- Ensure environmental and social impacts are considered in all political decisions.
- Remove social media manipulation and fake news from political decisions.
- Ensure gender equality and minority representation in all political decisions.
- Remove the ability of political representatives to buy their own selection.
- Avoid election cycles that force short-term solutions to long-term problems.
- Remove the use or threat of force to resolve inter-community differences.
- Ensure the rapid, peaceful implementation of political decisions.
There are actually parts of this plan already in use in many parts of the world today, including the USA, The Netherlands, Spain, India, and a dozen other countries.
You write that The Old Man in the Bag is a ‘prequel’ to your Power, Chaos & Consensus, how do you mean that? Just because you were working on that book as well or another reason? Explain that?
Many of the personal experiences in Ethiopia that I write about in The Old Man in the Bag are about the use or misuse of power, particularly my own. Sometimes that power was completely invisible to me and always unintentional, but it still affected others. The short story named after the title of the book, for instance, is about me trying to compensate a village woman for something I had accidentally done to her, but because of the power unintentionally attached to it, the compensation I offered turned out to make her even angrier.
My second book is also about power; specifically about how to remove it from all political decision-making. At the moment, only a handful of democracies on the planet have figured out how to remove it from their decision-making. Most choose to split all their decisions into black and white options that force politicians to chose a side where only half the people can win. It unavoidably creates losers in the process where none need exist. My second book begins with the lessons I learned in Ethiopia and is about how to make decisions where everybody wins by deliberately, peacefully, removing power from the equation.
You were an early (if not the first) PCV to have your type of assignment. What were you able to do in your three years with development. Also, explain (in short form) where these towns were for RPCVs from other countries.
Helen and I just went back to Ethiopia after an absence of 50 years and discovered how little impact we had there in the end. During our first two years helping to establish a new town in the jungle of the southern Rift Valley we had taught villagers how to build termite-resistant houses, run a village store, taught health and hygiene, grew new demonstration crops, treated their malaria, and vaccinated their cattle.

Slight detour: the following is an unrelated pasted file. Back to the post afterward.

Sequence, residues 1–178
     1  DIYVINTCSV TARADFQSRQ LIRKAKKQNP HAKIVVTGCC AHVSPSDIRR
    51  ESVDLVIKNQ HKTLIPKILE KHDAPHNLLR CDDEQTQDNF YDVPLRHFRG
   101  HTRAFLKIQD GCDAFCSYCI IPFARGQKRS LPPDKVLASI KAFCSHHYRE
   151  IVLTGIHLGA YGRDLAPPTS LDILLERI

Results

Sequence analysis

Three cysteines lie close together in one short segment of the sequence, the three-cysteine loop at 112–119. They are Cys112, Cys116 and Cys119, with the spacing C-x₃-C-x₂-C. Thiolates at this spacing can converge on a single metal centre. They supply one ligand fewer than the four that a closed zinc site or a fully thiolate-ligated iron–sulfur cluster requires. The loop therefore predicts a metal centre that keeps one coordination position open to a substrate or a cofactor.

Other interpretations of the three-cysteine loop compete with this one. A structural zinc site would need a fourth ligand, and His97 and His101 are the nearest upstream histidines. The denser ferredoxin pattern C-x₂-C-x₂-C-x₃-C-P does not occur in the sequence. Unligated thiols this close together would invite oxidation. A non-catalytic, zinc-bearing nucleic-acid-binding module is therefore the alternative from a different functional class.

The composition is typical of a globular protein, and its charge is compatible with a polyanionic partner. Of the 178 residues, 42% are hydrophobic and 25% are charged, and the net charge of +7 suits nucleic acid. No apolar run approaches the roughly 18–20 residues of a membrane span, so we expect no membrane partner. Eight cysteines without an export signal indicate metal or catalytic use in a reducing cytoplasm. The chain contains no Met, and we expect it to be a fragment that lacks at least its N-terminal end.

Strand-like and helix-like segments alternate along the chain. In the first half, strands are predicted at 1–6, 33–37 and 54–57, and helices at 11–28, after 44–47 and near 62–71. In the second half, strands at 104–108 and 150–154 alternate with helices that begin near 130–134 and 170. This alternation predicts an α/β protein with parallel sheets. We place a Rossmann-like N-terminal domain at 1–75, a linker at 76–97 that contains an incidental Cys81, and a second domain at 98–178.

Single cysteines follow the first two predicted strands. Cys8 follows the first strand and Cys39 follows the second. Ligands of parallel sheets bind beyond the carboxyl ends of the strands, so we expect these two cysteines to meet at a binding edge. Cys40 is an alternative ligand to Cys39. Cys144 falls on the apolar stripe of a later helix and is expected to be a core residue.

However, just as I had predicted, the new town hardly grew at all during the intervening 5 decades despite all the forests around it now cleared and turned into very productive farms.
I had thought this would happen because the new road built down through the valley 50 years ago (while we were there) completely bypassed the village. But the real reason it didn’t grow was because the villagers were all Menze Amharas and their known association with Haile Selassie persuaded the Communist Derg (the military junta that ruled Ethiopia from 1974 to 1987) of Mengistu Haile Mariam to completely ostracize them. Thankfully they weren’t among the half-million other Ethiopians who suffered a much worse fate under the Derg, but the isolation and poverty we saw on our return there was still extremely depressing.
The only bright spot for us was that one of the old village women still living there instantly recognized us despite our ages and looks, and gave us both a warm welcome back. She then recounted with laughter for all those who quickly gathered around, many of the stories of our life in the village now described in Old Man in the Bag.
Our third year in Ethiopia was spent with the nomadic Dasonich beside the Omo River down in the southwest corner of Ethiopia just north of Lake Turkana. There is now a new paved road into the area where it had once taken us three long days on the back of a 4WD police truck to get there from the closest airport.
Disappointingly, however, the new town I had designed never materialized, and the unique house Helen and I had built there for government workers was gone almost without a trace. No one we knew there was still alive, but we did manage to find part of the roof of the house we had built now covering some agricultural equipment in the new town that now existed directly across the river from where we had been.